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Orionid Meteor Shower 2017: What it is, when it's happening and where to watch it

Aris Folley, AOL.com

In several days, stargazers will witness the peak of one of the year's best shooting star displays in the United States.

Known as the Orionid meteor shower, the celestial event occurs only once a year, and its peak easily makes it one of the most impressive showers on the calendar.

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The shower is expected to see 10-20 meteors fall every hour -- which can be visible to the naked eye if weather conditions permit. These "shooting stars" originate from the constellation Orion (The Hunter), which is where the shower gets its name.

This year, the shower lasts from Oct. 2 to Nov. 26. The Orionids will peak from Oct. 20-23 during the late evening and early morning hours.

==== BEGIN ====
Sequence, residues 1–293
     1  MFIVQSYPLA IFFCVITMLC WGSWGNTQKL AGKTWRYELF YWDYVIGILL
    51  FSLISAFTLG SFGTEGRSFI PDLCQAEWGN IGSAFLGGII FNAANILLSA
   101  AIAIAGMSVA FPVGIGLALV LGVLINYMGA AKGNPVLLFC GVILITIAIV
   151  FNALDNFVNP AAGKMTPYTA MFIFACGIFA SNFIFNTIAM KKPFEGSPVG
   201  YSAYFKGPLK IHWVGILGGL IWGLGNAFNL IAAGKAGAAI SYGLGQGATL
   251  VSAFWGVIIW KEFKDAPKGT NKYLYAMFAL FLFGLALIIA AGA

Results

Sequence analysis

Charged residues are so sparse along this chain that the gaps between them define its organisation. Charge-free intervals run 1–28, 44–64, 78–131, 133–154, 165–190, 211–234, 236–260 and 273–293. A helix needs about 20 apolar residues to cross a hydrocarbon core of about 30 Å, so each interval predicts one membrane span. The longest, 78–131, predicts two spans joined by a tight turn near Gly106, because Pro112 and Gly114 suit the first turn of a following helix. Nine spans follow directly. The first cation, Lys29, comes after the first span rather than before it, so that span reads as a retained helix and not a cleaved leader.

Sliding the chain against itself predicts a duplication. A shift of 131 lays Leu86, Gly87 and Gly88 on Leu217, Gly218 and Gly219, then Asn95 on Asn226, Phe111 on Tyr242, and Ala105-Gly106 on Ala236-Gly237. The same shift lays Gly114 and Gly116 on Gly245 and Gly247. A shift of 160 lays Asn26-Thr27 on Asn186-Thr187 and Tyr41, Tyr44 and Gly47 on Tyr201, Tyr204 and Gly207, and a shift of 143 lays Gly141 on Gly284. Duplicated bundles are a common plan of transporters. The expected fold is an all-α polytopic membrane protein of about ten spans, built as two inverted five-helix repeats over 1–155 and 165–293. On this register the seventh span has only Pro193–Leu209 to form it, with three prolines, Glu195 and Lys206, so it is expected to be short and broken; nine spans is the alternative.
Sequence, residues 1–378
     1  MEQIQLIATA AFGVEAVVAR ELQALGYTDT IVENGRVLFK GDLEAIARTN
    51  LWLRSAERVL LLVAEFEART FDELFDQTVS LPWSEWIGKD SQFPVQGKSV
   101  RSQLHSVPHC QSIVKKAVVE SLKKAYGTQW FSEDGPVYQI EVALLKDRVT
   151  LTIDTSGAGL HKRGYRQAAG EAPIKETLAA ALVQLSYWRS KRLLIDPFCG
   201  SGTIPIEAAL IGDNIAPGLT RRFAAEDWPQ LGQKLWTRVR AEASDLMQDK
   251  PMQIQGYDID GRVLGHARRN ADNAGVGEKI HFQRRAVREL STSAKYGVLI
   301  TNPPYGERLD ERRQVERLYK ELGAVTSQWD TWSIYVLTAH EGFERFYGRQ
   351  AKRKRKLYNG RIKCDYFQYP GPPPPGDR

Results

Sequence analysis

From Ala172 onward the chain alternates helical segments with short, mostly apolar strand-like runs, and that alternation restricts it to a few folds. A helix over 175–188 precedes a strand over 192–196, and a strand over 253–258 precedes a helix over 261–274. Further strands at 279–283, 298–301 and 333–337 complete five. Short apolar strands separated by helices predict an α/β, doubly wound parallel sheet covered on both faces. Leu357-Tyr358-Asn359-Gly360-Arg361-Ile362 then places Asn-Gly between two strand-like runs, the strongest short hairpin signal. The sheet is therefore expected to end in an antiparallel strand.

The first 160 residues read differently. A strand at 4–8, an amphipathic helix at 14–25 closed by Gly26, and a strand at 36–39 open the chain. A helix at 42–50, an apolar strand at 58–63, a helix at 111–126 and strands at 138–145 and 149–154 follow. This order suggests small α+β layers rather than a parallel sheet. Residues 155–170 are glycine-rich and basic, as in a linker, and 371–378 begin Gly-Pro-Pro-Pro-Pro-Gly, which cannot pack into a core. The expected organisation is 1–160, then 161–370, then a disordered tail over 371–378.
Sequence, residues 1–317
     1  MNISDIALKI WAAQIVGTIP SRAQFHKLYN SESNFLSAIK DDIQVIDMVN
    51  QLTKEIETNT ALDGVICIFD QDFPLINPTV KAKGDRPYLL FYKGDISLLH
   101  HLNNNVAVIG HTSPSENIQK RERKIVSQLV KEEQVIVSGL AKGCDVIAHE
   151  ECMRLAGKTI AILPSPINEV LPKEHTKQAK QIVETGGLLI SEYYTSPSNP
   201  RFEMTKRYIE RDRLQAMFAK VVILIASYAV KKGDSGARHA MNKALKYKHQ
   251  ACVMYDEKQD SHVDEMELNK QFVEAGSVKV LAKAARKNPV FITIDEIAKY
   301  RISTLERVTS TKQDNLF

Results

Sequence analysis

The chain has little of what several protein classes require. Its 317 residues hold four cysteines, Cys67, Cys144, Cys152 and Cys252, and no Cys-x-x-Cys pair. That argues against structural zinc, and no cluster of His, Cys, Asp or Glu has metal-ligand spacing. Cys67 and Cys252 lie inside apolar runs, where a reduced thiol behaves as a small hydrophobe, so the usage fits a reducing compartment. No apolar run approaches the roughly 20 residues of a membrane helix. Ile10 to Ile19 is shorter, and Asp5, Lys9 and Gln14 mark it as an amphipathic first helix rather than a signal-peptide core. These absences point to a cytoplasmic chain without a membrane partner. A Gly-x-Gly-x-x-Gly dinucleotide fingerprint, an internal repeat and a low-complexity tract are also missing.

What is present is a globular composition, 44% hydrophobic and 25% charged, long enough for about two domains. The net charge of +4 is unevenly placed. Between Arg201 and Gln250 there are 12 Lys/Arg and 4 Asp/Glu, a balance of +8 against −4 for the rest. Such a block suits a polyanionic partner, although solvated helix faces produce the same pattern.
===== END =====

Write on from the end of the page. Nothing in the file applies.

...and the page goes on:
“Keep in mind that if the weather does not cooperate on Saturday morning, the Orionids have a broad maximum, so Sunday morning (Oct. 22) will be pretty good too,” Kevin D. Conod, an astronomer with the Newark Museum's Dreyfuss Planetarium, wrote in his astronomy column for The Star-Ledger.

SEE ALSO: Uranus will be visible to the naked eye tonight -- here's how to see it

The best way to see this year's shower is to step outside sometime between midnight and sunrise. If you're worried about where to stand and what time to catch all the action, check out this moonrise and moonset calculator.